Published on April 10th, 2012 | by Adom Cooper0
Although Fears Concerning Hunger Striker Were Quelled, The Situation in Bahrain Does Not Change
By Adom M. Cooper
Impunity Watch Reporter, Middle East
MANAMA, Bahrain–Activist Abdulhadi al-Khawaja has refused food since 08 February 2012 in protest of a life sentence he received in June 2011. He is a Shiite convicted by a military court of plotting against the Sunni-monarchy and is currently in a stable condition. Amnesty International stated last month that the trial was “grossly unfair” and that his conviction was based on a confession he made under duress, and no evidence was presented that showed he had used or advocated violence during the mass protests against King Hamad bin Issa al-Khalifa.
The nation of Denmark had asked Bahrain to send Khawaja, who is also a Danish citizen, to the Scandinavian country. Bahrain’s official news agency BNA reported on Sunday 08 April 2012 that officials in Manama had turned down the request.
On Monday 09 April 2012, Mr. Khawaja’s lawyer, Mohammed al-Jeshi, expressed fears that his client could have died after repeated attempts and requests to contact him were turned down. al-Jeshi shared these words with AFP on Monday 09 April 2012.
“We fear that he might have passed away as there is no excuse for them to prevent us from visiting or contacting him.”
The daughter of Mr. Khawaja, Zainab, told Al-Jazeera on Monday 09 April that the family had “no idea” about the state of her father’s health as they had not been allowed to call or visit him.
But on Tuesday 10 April 2012, al-Jeshi released a statement confirmed that his 52-year-old client was “in good health” and called on the media to exercise caution concerning the details of the situation. Two foreign doctors, one of them an expert on hunger strikes and the other the director of a medical center in Denmark, had visited the activist at the Bahrain Defense Force Hospital in the capital of Manama. Abdul Rahman al-Sayed, Bahrain’s attorney general, shared these words with a BBC correspondent.
“Despite prior medical reports that showed low blood sugar, potassium, and low white blood cells, which would have endangered his life if he had not received proper medical care, his current condition is well. He was co-operative, quite coherent, well-oriented in time, place and person, as he is receiving good medical care at the BDF hospital.”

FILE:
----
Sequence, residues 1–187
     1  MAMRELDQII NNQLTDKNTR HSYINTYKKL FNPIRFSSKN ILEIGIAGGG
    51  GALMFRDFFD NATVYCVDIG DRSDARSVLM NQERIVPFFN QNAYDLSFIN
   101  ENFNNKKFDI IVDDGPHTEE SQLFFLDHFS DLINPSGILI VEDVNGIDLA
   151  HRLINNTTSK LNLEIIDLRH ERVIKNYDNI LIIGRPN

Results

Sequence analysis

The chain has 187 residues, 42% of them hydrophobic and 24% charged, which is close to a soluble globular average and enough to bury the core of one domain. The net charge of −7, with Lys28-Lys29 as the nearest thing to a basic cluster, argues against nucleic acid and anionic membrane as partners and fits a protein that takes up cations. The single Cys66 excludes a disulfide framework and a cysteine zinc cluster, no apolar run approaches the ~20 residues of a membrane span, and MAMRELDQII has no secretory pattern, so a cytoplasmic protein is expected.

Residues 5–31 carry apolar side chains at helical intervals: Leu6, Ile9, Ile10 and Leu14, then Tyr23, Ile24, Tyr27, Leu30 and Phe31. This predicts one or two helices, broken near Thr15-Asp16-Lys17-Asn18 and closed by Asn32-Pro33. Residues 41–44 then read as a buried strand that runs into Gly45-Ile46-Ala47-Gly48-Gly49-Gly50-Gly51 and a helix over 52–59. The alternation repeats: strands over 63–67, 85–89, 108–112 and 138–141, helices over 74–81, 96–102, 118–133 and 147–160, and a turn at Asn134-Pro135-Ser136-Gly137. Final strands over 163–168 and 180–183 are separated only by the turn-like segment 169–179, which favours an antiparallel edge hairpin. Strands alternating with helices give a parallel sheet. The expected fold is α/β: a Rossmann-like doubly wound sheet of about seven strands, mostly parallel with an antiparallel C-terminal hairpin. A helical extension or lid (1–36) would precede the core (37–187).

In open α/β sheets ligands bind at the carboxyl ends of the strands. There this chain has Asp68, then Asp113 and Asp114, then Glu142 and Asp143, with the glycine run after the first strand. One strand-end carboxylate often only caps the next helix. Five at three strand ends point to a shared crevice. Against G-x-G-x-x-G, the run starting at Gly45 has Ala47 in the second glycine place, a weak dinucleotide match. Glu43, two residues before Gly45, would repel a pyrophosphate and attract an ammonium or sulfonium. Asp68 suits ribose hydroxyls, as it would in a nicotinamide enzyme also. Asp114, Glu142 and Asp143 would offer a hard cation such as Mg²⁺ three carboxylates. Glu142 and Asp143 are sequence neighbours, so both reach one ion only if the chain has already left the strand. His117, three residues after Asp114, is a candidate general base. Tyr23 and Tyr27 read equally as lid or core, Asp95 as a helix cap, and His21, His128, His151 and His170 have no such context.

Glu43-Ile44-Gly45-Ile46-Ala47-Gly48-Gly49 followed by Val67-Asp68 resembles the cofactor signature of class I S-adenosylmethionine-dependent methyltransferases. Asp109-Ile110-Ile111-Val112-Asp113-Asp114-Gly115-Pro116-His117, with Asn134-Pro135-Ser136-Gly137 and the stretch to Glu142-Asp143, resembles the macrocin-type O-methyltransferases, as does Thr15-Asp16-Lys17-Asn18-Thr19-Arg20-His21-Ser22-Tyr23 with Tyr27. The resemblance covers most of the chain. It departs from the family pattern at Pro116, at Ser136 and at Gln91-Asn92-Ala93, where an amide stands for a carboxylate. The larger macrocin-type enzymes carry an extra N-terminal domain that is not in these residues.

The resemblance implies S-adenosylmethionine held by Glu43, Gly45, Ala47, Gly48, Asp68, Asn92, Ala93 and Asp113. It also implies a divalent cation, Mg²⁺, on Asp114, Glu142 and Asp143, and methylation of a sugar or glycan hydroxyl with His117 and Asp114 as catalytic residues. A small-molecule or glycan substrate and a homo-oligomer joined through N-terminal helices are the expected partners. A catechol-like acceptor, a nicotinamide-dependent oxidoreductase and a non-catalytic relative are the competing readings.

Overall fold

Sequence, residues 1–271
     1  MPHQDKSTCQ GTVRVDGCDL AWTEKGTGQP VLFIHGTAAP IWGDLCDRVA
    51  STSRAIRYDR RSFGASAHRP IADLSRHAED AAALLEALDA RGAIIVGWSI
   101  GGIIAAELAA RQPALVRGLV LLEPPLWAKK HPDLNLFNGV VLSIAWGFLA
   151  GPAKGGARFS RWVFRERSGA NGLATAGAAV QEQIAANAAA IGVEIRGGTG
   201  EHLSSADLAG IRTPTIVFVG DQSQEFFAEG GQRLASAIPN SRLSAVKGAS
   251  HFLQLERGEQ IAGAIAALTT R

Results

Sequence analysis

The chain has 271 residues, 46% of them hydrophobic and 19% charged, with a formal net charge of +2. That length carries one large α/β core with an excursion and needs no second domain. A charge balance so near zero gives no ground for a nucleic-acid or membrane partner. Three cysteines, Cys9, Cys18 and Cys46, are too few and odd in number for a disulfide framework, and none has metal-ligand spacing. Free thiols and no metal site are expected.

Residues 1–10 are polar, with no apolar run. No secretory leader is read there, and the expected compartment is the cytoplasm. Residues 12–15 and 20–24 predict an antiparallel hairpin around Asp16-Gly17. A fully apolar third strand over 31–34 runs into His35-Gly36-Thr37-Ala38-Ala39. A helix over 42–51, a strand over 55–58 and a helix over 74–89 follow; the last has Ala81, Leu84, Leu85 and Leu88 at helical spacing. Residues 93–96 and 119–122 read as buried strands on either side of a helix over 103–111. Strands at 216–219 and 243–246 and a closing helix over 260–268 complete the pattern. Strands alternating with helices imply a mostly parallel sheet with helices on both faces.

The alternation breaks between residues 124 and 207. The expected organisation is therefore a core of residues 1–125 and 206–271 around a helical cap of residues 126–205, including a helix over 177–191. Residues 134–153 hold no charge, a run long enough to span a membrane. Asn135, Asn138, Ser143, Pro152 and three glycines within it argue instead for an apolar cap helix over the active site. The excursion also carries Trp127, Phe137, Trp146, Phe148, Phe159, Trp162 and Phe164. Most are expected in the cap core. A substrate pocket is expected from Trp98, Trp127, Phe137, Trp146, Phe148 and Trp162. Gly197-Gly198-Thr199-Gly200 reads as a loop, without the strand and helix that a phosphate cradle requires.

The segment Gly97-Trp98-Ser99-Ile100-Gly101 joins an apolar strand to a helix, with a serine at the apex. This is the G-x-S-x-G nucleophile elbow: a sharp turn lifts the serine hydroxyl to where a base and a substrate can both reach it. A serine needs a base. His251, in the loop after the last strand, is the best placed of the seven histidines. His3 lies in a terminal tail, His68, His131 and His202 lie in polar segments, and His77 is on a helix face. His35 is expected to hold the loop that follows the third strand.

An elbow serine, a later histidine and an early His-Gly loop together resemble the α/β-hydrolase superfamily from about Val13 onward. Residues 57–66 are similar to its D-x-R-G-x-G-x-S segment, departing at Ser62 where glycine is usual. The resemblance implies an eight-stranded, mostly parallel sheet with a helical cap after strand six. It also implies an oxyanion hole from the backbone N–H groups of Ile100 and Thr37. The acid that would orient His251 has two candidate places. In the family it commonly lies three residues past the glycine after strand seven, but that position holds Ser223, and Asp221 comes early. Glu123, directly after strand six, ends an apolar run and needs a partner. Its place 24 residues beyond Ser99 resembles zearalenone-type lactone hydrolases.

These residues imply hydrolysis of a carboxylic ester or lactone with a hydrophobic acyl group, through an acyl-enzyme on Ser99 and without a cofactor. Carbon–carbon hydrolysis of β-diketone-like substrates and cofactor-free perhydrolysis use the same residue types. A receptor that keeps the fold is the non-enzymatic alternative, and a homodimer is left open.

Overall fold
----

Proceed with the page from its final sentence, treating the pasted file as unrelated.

Although Mr. Khawaja is in “good health,” the rest of his county is not. On 10 April 2012, seven Bahraini policemen were wounded when a home-made bomb exploded during a protest near the capital calling for the activist’s release. According to an interior ministry spokesman, demonstrators and protesters threw petrol bombs at riot police to lure officers into Eker, a Shia village outside Manama before the explosion was set off.
“We consider this an act of terrorism.”
Demonstrators and protesters have also revealed plans against hosting the Formula One grand prix, which was postponed last year. The race was reinstated to occur this year but was cancelled due to the uprising and bloody crackdown. The governing Internatonal Automobile Federation and Bahraini organizers have maintained that the race is still scheduled for 22 April 2012.
As Mr. Khawaja continues his hunger strike vigil with hopes to bring about change in Bahrain, one can only hope that government officials take stock in how effective demonstrators and protesters can be. The citizens of Bahrain are doing their best to be heard. It is up to the government to listen.
For more information, please see:
Al-Jazeera – Policemen Injured in Bahrain Blast – 10 April 2012
BBC – Bahrain Hunger Striker Khawaja ‘In Good Health’ – 10 April 2012
Ahram – Jailed Bahrain Hunger-Striker Feared Dead: Lawyer – 09 April 2012
Al-Jazeera – Concern Mounts For Bahrain Hunger Striker – 09 April 2012
CNN – Bahrain Says Activist On Hunger Strike ‘Is Fine’ – 09 April 2012
The Guardian – Abdulhadi al-Khawaja’s Death Would Be A Stain On Bahrain – 09 April 2012